After 148 days, the Writer’s Guild of America finally ended its strike. After briefly scrolling through social media, I realized that many people haven’t grasped the importance of this win for Hollywood writers. With the end of the writer’s strike, so many people are celebrating the new contract that writers have made with production companies, while others are celebrating the fact that their favorite weeknight television show is finally in the process of being revived. While it’s exciting to know that television shows such as 9-1-1 and The Rookie are undergoing the process of coming back to the big screen, it is also important to remember the real cause behind the strikes—a need for better compensation, residuals, and protection for artificial intelligence interfering with their jobs.
The WGA is a labor union that represents almost 12,000 writers throughout the U.S. With this strike, thousands of writers were able to guarantee their position in the workplace as AI is becoming more and more common. As a writer, it must have been difficult to look to the future, or even to the year ahead, when there is an advancing program that is intelligent enough to replace their career instantly. It was upsetting that the union concluded earlier this year that they needed to fight for themselves to protect their futures.
On Mar. 7, the WGA announced that its members had collectively agreed on a list of demands that asked for better compensation, better staffing and residuals, and protection from any damage that AI might bring to their jobs. When the studios failed to provide an adequate deal for a new contract, the strike began and quickly received support from actors and writers alike. Many actors banded together in support of the strike, and this, along with the many negotiations, led to a contract that all of the parties agreed on.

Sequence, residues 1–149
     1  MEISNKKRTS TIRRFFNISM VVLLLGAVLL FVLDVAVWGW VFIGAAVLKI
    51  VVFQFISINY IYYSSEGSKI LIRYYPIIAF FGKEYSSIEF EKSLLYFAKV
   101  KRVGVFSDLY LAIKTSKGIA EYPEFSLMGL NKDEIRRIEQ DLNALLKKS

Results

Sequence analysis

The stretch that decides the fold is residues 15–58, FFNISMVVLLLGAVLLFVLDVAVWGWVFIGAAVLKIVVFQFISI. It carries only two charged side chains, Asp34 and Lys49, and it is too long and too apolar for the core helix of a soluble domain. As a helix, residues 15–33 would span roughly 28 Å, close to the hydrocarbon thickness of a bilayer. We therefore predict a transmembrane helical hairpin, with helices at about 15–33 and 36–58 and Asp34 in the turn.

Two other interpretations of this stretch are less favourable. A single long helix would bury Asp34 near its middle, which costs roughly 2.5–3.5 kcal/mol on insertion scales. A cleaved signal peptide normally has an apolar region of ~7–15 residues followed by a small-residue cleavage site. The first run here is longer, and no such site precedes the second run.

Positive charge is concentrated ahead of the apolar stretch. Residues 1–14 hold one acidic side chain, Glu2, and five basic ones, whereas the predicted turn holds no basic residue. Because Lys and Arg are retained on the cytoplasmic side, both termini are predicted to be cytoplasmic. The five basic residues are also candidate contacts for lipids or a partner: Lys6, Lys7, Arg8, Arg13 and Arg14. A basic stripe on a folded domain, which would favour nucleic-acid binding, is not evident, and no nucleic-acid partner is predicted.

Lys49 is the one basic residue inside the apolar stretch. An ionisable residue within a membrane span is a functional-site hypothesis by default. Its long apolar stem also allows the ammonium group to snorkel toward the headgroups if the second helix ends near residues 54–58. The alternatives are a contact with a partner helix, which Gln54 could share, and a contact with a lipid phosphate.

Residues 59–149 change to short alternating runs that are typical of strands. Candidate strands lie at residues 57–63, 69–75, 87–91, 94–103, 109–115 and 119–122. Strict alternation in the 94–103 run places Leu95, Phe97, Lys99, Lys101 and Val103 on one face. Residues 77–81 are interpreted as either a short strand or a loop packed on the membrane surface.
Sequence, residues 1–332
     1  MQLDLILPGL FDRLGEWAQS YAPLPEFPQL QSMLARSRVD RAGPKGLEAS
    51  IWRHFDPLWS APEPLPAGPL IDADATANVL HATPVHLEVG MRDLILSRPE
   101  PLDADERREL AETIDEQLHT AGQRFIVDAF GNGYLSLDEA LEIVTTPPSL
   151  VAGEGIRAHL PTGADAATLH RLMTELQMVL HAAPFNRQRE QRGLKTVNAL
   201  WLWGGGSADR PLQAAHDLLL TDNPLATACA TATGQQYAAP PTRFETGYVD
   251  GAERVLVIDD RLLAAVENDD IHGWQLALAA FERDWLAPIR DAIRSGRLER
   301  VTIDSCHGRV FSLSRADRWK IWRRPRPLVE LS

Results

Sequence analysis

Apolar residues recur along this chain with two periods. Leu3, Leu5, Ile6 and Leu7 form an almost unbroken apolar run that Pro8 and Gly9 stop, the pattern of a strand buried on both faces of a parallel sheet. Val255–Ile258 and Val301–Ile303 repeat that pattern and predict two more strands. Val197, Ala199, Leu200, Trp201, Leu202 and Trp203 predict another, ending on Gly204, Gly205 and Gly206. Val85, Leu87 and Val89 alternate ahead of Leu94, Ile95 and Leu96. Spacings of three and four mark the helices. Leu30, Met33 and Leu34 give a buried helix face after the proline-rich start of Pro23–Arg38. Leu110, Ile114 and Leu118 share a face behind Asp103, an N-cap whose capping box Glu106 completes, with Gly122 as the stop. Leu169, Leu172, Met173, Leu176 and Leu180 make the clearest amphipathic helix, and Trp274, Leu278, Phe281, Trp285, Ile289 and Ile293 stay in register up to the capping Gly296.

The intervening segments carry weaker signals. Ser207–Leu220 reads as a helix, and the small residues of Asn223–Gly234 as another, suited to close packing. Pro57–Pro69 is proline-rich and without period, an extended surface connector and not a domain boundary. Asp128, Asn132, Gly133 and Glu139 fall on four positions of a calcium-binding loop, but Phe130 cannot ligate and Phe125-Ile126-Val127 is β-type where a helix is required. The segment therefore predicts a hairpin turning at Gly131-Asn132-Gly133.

One of the reasons behind the strike was the unclear terms of AI use in the industry. With AI becoming more common in writing, writers are being forced to fight in a battle against robots. But the very fact that AI was even being considered to be used in Hollywood was surprising to me, because why would people even think a robot can replace human creativity? Furthermore, the idea that writers have to fight against AI in an attempt to remain fairly compensated and keep their jobs was alarming.
AI should never be allowed to replace writers, and with the new contract, AI is fully under the control of the writers and cannot take away from the credit and compensation that writers receive for their work. While the use of AI might make writing television shows an easier and faster process, AI is limited in its ability to be creative. Although AI is impressive in its ability to provide accurate and precise answers, it is not good at being creative because creativity does not align with specific goals. To be creative means to go outside the bounds of normalcy and reality, and AI is not capable of achieving that successfully.
To rely on AI for writers would essentially dehumanize writing for television and film because that kind of writing relies on people and their fondest memories with friends and family. People’s lives are major influences on their writing, and while AI has so many systems allowing it to grow in the future and possibly threaten people’s careers, the writing that AI produces cannot match the unique writing that human beings produce.